The architecture book is about the homes that make us happy and the things we put in them. "It prompts us to think about how we live and how we might change things."

Finally, the problem with travel as a form of escape, is that we take ourselves with us. And that glossy brochure showing palm trees on a white sandy beach facing an azure sea, doesn't show the building site behind the cameraman, the beggars who accost you every time you leave your hotel, the humid and oppressive heat, the smell of the leaky sewer, and the shear inconvenient shleppiness of getting there in the first place. So there you have it, a taste of three books to make you love your life.

6. Singled Out, How Two Million Women Survived Without Men After the First World War by  (Viking 2007) 
Not Pictured as I gave it to my cousin.
The Blurb says it all. "After the First World War a generation of women who believed marriage to be their birthright discovered that there were simply not enough men left to go round. Tracing their fates, Nicholson shows how the single woman of the inter-war years had to depend on herself and, in doing so, helped change society." I remember loads of spinster teachers from my childhood who all lived with lady friends. Many of these women lost their fiances in WWII or perhaps there were also just too few men to go round in 1945. And maybe this book is even  more relevant today with the rising number of divorced, never-married and childless women.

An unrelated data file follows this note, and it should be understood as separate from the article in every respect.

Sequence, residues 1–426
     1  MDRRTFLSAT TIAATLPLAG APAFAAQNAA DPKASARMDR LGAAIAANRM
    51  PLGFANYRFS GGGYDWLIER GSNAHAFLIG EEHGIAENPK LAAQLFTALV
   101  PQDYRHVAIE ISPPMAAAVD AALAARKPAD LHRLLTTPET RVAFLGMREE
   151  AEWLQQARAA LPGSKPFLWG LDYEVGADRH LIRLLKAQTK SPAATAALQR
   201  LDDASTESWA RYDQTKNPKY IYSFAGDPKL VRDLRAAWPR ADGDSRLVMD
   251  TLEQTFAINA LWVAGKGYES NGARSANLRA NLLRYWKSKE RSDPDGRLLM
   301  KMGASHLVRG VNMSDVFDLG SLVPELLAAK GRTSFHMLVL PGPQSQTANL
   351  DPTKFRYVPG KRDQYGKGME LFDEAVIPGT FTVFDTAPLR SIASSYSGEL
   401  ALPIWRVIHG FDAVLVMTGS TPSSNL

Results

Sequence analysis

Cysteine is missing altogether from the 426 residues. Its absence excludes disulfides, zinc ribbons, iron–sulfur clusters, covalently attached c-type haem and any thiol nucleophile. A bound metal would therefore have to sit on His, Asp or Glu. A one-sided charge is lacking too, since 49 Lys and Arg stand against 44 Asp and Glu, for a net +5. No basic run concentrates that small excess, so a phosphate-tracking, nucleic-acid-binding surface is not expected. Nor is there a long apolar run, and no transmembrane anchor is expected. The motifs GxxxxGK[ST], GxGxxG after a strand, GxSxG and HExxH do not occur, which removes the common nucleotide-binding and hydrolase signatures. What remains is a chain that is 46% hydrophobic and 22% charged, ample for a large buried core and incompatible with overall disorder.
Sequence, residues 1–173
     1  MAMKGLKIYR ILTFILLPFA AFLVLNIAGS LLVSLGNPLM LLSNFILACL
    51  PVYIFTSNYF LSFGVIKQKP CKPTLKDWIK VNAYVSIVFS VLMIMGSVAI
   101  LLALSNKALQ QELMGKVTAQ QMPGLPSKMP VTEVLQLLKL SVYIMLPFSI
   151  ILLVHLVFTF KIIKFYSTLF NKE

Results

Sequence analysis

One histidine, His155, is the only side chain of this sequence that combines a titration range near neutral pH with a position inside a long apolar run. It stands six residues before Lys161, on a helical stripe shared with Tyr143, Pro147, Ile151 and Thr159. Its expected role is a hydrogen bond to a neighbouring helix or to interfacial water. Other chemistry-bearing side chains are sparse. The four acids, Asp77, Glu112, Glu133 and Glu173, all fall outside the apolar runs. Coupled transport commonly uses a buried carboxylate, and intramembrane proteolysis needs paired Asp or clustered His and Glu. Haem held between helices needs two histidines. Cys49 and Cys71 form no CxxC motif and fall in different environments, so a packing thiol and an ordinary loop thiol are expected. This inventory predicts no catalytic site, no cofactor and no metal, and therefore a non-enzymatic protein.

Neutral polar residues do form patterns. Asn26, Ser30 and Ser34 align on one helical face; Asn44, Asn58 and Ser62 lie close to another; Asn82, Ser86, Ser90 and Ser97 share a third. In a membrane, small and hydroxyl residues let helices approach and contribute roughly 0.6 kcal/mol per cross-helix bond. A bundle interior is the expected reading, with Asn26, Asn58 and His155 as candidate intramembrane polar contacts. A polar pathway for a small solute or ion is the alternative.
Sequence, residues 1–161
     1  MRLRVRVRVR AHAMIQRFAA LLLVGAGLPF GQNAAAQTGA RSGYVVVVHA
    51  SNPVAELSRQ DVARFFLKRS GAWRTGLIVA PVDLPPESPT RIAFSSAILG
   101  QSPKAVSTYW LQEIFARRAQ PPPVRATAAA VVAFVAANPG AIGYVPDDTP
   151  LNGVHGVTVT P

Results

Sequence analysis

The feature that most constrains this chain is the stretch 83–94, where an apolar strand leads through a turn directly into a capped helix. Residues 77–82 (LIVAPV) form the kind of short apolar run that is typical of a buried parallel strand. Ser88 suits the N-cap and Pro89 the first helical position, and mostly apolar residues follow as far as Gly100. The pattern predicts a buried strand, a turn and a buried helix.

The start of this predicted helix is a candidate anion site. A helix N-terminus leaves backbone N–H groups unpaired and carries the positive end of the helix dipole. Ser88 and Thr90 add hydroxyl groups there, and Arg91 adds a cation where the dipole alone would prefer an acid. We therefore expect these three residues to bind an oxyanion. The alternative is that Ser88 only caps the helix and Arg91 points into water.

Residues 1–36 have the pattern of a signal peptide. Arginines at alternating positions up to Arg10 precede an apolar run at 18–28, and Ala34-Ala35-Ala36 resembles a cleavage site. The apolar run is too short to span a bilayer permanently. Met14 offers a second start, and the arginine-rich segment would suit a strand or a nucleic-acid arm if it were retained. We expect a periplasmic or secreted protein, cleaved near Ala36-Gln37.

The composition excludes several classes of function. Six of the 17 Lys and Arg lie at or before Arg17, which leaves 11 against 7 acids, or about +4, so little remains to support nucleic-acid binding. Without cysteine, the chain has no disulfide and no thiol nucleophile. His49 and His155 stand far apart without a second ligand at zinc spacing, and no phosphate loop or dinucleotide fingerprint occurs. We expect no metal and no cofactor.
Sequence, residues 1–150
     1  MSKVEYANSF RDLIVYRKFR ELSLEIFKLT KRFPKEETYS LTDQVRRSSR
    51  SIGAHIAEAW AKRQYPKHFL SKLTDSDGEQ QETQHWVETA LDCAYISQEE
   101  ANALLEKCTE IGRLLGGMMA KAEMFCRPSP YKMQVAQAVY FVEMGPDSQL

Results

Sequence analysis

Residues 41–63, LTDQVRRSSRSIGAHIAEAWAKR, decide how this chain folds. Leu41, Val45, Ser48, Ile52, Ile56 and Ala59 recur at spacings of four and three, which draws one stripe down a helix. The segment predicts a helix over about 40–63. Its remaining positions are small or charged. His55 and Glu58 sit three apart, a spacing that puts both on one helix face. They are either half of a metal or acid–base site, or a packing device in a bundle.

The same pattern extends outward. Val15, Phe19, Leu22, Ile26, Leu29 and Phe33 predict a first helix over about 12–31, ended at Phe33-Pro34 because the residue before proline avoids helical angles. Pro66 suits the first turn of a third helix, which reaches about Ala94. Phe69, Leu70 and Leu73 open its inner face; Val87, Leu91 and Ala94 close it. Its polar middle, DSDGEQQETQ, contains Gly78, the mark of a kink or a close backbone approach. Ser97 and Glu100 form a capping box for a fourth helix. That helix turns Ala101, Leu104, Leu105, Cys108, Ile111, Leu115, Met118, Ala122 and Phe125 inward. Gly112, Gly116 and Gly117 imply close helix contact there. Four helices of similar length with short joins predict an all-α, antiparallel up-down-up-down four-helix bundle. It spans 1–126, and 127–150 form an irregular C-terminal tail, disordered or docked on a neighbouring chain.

7. Outliers: The story of Success by Malcom Gladwell (Little, Brown & Co, 2008) 
Not pictured as I gave it to my nephew.
A bit like Freakonomics, this book takes instances of outstanding success and shows how they are as much a mixture of historical background, social, cultural and economic factors, as they are due to individuals with the courage to go for it. For example, Mayor Guliani who came to office in 1994, claims that he vastly reduced crime in NYC. Whist the crime rate did drop dramatically, Gladwell couples this with legalised abortion in the early 1960s. By the time Guliani was in charge of law and order, for the first time in history there were thousands of unwanted young men who had not been born. In another example, the law in Eastern Imperial Russia that forbade Jews from owning land, forced them to become peddlers and tailors. This gave them a economic advantage over the Italian and Irish immigrants arriving in New York and Boston from the mid 1800s, who had largely been farmers. And if you think western airlines are safer than East Asian airlines, it's partly because the international language of aviation is English, but also because of cultures where people defer to their betters in silence and are always polite - we're very low on fuel but we'll wait until you give us permission to land. Oy vey!